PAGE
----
The Scoop on Posole–WHAT IS IT?
Posole, a traditional Mexican soup, is such an integral part of Mexican cuisine, some consider it the country’s national dish. If you’re in Mexico on a Thursday, you might enter a restaurant and see nearly everyone dipping their spoons into bowls of posole.
Where posole really shines in Mexican households is on Christmas Eve. For several nights before Christmas Eve, Las Posadas is a fun family tradition in Mexican households. With traditional songs and a bit of play-acting, family members retell the story of Mary and Joseph on their journey to find shelter before Jesus is born. Those playing Mary and Joseph knock on the door and sing their request for shelter and are told several times there is no room. On Christmas Eve, they are welcomed in, resulting in a happy celebration and a hearty meal of posole and all the typical accompaniments added to the soup.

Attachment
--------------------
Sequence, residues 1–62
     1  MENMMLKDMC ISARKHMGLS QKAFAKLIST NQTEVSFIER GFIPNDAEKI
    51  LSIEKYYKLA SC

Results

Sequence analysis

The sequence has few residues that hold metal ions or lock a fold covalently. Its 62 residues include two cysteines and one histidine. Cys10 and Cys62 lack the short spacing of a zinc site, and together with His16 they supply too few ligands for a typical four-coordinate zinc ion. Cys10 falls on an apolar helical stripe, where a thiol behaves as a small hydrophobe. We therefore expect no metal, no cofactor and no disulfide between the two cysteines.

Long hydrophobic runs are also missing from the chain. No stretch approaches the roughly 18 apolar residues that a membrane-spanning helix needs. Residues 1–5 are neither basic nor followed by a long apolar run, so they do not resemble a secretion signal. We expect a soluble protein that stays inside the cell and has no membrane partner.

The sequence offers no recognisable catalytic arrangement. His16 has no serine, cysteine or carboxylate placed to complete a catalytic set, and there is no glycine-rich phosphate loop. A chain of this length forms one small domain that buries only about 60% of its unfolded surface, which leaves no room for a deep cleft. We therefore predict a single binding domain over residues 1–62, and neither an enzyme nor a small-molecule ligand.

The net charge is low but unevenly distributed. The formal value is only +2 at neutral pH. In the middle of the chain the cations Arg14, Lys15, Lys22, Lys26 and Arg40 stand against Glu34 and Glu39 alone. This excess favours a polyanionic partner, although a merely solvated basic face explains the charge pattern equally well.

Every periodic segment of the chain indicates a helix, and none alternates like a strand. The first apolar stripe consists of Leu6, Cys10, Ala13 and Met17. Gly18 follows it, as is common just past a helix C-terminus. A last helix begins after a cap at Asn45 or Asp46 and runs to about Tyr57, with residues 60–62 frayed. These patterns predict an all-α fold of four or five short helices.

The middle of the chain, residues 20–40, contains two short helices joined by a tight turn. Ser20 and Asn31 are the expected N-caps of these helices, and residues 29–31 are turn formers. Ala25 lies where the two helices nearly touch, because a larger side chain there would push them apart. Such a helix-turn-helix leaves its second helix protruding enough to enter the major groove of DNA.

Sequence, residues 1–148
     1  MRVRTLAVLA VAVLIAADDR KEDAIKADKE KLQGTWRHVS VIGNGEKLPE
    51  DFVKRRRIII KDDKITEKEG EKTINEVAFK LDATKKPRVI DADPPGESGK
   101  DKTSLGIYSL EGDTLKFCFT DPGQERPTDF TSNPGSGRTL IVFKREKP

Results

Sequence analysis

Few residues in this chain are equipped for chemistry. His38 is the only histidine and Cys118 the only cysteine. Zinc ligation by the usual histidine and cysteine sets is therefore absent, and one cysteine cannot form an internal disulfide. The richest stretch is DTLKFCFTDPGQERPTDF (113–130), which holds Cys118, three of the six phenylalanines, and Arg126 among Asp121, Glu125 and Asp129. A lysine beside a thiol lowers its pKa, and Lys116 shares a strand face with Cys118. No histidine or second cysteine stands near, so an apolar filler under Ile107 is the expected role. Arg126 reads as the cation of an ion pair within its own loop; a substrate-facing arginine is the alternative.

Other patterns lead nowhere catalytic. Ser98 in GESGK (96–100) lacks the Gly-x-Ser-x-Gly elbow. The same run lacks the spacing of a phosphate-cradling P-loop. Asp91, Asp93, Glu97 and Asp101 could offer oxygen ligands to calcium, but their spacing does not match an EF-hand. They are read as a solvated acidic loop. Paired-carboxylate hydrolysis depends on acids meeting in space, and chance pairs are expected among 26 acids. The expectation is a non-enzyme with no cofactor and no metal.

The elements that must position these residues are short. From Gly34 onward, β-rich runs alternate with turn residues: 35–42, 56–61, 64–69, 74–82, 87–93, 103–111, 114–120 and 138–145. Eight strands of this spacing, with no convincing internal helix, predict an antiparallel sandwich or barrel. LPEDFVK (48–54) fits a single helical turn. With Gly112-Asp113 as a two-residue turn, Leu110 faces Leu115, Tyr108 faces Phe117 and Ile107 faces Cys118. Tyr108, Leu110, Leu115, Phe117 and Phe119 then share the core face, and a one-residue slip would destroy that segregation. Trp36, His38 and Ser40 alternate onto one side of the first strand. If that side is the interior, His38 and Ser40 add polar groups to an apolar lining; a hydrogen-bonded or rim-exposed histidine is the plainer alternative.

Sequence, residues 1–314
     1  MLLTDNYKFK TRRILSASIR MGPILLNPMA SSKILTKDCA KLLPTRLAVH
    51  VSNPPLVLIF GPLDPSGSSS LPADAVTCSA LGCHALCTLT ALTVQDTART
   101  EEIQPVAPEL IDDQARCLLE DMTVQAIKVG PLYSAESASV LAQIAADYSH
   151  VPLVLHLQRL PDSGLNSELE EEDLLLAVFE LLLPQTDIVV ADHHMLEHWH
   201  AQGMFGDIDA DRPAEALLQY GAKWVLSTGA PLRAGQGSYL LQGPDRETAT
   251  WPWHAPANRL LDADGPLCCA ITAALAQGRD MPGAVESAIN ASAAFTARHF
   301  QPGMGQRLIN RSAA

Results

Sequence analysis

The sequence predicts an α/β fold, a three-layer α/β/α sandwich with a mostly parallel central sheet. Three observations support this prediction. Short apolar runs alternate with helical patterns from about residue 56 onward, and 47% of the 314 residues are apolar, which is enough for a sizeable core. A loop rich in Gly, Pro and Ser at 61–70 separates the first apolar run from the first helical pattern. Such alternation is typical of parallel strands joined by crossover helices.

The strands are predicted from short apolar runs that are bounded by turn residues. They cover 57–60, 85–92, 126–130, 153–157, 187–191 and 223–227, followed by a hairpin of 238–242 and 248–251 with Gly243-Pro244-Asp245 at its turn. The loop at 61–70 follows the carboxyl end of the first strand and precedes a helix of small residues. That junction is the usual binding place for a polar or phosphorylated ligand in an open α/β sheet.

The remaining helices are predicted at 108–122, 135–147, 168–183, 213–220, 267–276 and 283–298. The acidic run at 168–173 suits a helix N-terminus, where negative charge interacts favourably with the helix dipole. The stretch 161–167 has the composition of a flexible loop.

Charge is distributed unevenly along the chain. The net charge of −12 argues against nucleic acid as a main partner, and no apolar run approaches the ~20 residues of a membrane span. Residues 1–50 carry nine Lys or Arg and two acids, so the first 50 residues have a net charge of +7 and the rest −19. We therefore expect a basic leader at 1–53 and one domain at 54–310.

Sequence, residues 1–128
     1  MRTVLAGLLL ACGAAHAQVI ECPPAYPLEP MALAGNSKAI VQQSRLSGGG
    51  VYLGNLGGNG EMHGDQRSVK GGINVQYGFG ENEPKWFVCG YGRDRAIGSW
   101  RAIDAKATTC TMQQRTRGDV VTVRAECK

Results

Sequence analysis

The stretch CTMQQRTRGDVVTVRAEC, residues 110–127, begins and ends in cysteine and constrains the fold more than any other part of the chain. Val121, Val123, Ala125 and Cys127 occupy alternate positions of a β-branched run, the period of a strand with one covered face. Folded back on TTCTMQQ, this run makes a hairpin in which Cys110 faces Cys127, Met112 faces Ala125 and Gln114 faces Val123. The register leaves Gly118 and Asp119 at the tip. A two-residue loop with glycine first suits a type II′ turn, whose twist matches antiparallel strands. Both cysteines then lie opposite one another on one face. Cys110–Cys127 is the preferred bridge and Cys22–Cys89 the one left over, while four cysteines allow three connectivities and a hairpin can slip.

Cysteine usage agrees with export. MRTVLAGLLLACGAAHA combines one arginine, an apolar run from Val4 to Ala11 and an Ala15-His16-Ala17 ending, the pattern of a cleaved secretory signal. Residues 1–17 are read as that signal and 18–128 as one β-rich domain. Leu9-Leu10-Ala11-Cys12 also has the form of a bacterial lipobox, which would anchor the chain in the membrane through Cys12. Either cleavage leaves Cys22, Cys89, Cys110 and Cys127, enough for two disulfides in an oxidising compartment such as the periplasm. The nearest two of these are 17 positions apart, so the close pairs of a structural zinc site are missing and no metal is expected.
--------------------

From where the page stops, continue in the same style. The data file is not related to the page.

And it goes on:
Because posole is such a delicious soup made with ingredients available year ’round , it’s an ideal make-ahead hot meal any time, but becomes extra celebratory at Christmas time. The real fun with posole is the variety of add-ins typically spooned into the soup, creating interesting textures for the soup adventure.
Where did the name posole come from?
Taken from the Aztec Nahuatl language, “posole” means foam. Apparently the Aztecs thought the voluptuous posole, or hominy kernels, resembled foam and named the soup potzolli. The soup dates back to the pre-Columbian era. In the true Mexican tradition, posole is actually made with pork and, sometimes, chicken, but this version is strictly vegan. Typical Mexican seasonings include garlic, onions, cumin, oregano, and red or green chiles, depending on regional preferences.
Posole corn, prepared from field corn, was made by the ancient Aztecs in limestone caves. Today’s process of soaking the corn in powdered lime and water results in the familiar puffed, chewy kernels known as hominy. The actual posole corn, which might be white, yellow, or blue, is sweeter and tastier than hominy but is not readily available in chain groceries.
Is posole a cure for a hangover?